There is less suggestions than I was hoping for, but I guess it's fine, since I finally came up with some ideas of my own, so I figured I'll post it here - maybe someone might need it some day.

A little bit of background before the answer: Basically the inequality comes from the work of Tran et al. (2016)1 on the Unrelated Parallel Machine Scheduling Problem with Sequence-Dependent Setup-Times. There it was used to cut off invalid solutions in their benders-decomposition approach (more exactly branch-and-check). Because of the nature of the problem, they were able to calculate and prove a much tighter $\theta$ value, which resulted in very good cuts. Now I am trying to apply their approach to a different, but similar problem. The difference is, I have a symmetric graph on a Cartesian plane and my nodes have no "processing time" which I can use for $\theta$.

--- Edit: I leave this part here for the sake of completeness - for the correct answer please refrain to my edit further below ---

I figured though, that what i can do, is to transform my graph into an asymmetric version, then define a pseudo "process time" for each node, as it's minimum length of the incoming arc, and define the lengths of the outgoing arcs from $i$ as $c((i,k)) = p_i + s_{ik}$ and since i got the lengths of the original edges and the values $p$ for each node, i can also calculate $s_{ik}$. Now that i have the values, i can simply apply their calculation of $\theta$ $$ \theta_{i} = p_{i} + \max S_{i} $$ where $\max S_{i}$ is the maximum value of $s_{ki} \forall k \in G$ and rely on their proof for the validity. All that's left is to prove, that my transformation is correct and bidirectional. This is something i still have to do, but before i am bothered, i ran some tests on few instances and the cuts do not seem to cut off any valid solutions so far. i might edit the answer in the future to provide more detailed explanation (with some graph-examples maybe) when i find the time for :)

If by any chance, anyone spots any inconsistency or problems with this approach, i would very much appreciate the feedback!

EDIT: Well i did in fact myself spot the problem with this approach. Given that this process times are pseudo and depend on whether some edge is still in the graph, this doesn't work for the cuts and hence also for the lower bound. It basically only holds for a subgragh with exactly 1 fewer node. I did come up with tighter bounds though. I figured: why transforming my graph to the other problem using pseudo process times - i already have that problem, only that my process times are all 0 and all i got are sequence-dependent setup-times. So $p_{i} = 0$ and $max(S_{i})$ is the longest edge adjacent to $i$. There is something missing though - and that's $min(S_{i})$, the shortest edge adjacent to $i$. This is 0 in case of 1 because the depot is fictional and has no final setup-time so the edge to it is $0$ from any node. To my understanding the complete equation for $\delta_{i}$ should be:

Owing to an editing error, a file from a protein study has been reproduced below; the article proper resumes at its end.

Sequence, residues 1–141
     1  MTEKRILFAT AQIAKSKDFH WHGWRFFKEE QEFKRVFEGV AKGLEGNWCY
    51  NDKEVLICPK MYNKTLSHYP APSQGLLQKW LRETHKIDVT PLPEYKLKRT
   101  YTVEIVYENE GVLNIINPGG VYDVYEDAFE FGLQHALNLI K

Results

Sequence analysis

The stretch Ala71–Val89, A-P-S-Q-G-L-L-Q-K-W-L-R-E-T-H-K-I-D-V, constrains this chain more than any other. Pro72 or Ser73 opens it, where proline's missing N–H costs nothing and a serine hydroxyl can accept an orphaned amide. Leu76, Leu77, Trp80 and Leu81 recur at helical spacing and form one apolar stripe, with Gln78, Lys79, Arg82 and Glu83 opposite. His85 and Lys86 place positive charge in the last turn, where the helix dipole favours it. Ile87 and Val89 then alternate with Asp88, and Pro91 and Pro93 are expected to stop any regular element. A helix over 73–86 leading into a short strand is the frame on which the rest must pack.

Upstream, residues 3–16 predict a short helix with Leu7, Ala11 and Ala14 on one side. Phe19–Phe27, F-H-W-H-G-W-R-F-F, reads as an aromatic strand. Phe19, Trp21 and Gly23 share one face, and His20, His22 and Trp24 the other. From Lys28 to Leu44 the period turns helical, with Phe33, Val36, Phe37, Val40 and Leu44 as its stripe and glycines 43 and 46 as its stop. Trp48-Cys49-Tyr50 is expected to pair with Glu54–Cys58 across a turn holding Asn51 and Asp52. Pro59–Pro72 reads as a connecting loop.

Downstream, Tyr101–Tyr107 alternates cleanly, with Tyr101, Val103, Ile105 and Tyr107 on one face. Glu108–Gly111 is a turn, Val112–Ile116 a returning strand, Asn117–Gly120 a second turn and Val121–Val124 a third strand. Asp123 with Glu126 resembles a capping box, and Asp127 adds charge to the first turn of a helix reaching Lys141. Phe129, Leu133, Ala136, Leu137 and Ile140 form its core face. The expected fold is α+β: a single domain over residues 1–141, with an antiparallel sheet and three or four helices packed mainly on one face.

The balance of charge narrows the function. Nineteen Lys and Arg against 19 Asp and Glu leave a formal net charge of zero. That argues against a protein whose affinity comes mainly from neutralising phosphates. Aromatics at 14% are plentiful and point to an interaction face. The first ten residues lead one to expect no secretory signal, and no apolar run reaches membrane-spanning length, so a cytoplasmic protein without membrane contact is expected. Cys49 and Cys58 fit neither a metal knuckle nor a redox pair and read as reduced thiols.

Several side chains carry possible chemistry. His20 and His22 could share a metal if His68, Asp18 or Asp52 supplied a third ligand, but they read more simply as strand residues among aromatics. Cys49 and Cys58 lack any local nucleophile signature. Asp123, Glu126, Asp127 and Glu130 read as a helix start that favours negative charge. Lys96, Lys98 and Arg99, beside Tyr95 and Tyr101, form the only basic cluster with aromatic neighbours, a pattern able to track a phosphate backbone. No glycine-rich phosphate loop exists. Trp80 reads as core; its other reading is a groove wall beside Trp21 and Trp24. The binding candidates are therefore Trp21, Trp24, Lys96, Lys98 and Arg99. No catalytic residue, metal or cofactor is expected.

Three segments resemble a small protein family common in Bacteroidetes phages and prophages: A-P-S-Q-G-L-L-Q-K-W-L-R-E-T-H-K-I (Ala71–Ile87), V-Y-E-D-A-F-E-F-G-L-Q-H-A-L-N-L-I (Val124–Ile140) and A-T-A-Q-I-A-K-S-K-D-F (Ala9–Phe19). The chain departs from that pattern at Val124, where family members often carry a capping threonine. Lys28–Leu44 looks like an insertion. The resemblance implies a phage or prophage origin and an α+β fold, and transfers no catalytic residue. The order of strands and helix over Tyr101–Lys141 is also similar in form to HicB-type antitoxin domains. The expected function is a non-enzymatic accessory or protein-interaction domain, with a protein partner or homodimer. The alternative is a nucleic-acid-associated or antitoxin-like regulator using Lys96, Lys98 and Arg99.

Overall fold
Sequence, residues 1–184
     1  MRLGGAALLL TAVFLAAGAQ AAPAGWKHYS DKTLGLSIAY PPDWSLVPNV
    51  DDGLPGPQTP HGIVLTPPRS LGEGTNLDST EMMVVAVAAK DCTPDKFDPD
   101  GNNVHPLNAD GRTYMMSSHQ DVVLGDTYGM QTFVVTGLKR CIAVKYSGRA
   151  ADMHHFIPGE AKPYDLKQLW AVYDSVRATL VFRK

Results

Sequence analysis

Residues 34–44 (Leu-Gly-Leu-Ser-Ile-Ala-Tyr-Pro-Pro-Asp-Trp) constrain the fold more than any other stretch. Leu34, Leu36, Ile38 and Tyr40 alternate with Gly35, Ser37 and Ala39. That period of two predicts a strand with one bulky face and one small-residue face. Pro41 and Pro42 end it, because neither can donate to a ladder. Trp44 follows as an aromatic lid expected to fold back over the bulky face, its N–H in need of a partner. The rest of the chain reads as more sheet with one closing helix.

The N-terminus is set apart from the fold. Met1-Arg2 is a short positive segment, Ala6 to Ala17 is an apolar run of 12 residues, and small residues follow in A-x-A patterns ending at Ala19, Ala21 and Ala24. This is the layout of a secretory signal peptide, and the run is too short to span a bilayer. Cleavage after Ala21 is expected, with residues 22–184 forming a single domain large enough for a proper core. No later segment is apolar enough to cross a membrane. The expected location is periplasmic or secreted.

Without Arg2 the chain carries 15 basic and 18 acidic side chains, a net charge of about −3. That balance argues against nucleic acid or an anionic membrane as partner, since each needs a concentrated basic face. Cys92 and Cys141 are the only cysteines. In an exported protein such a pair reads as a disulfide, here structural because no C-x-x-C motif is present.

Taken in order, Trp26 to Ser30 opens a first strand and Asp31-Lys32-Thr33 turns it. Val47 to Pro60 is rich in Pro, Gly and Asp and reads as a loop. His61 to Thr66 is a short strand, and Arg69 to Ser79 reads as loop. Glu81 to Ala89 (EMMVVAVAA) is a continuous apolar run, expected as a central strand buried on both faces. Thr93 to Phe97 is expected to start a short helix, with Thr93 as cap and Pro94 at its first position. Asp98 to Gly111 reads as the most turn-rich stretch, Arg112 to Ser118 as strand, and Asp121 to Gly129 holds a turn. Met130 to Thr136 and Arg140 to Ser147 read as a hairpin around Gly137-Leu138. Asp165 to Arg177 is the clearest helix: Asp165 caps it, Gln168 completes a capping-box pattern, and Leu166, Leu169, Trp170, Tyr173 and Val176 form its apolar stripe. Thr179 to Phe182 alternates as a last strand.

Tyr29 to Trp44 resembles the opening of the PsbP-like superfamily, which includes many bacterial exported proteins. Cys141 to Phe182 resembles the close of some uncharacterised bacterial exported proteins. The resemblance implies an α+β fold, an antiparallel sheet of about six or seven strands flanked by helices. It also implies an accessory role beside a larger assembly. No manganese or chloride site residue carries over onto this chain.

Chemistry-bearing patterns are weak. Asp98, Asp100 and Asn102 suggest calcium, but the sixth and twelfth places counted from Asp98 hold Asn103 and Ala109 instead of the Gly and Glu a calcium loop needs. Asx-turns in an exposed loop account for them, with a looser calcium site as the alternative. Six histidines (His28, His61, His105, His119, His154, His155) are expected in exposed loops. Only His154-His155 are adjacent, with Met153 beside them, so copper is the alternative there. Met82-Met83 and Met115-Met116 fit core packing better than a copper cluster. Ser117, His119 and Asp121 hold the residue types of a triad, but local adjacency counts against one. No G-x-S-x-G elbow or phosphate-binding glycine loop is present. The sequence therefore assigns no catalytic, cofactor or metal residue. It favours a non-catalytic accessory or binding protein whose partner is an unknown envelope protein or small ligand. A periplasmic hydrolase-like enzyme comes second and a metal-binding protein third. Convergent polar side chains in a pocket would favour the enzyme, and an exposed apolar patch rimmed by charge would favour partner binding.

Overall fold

$$ \theta_{i} = p_{i} + \max_{j \in G} (c_{ji}) + \min_{j \in G} (c_{ij}) $$


[1] Tran, T. T., Araujo, A., Beck, J. C. (2016). Decomposition methods for the parallel machine scheduling problem with setups. INFORMS Journal on Computing. 28(1):83-95.

  • $\begingroup$ Why not just delete the text marked with strikethrough? The revision history will show the original so it isn't lost. $\endgroup$ Feb 9, 2022 at 22:28

Your Answer

By clicking “Post Your Answer”, you agree to our terms of service and acknowledge you have read our privacy policy.

Not the answer you're looking for? Browse other questions tagged or ask your own question.